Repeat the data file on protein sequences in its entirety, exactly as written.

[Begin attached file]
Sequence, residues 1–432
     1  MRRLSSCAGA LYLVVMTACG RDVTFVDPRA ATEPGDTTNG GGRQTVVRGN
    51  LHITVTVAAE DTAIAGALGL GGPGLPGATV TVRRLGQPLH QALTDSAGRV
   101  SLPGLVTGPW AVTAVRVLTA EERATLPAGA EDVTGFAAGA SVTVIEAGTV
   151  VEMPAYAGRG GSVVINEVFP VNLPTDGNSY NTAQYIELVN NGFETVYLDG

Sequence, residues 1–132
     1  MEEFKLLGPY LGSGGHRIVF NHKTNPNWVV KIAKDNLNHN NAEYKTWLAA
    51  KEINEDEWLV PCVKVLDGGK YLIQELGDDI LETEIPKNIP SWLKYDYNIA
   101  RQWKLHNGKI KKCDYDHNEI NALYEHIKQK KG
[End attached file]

Sequence, residues 1–432
     1  MRRLSSCAGA LYLVVMTACG RDVTFVDPRA ATEPGDTTNG GGRQTVVRGN
    51  LHITVTVAAE DTAIAGALGL GGPGLPGATV TVRRLGQPLH QALTDSAGRV
   101  SLPGLVTGPW AVTAVRVLTA EERATLPAGA EDVTGFAAGA SVTVIEAGTV
   151  VEMPAYAGRG GSVVINEVFP VNLPTDGNSY NTAQYIELVN NGFETVYLDG

Sequence, residues 1–132
     1  MEEFKLLGPY LGSGGHRIVF NHKTNPNWVV KIAKDNLNHN NAEYKTWLAA
    51  KEINEDEWLV PCVKVLDGGK YLIQELGDDI LETEIPKNIP SWLKYDYNIA
   101  RQWKLHNGKI KKCDYDHNEI NALYEHIKQK KG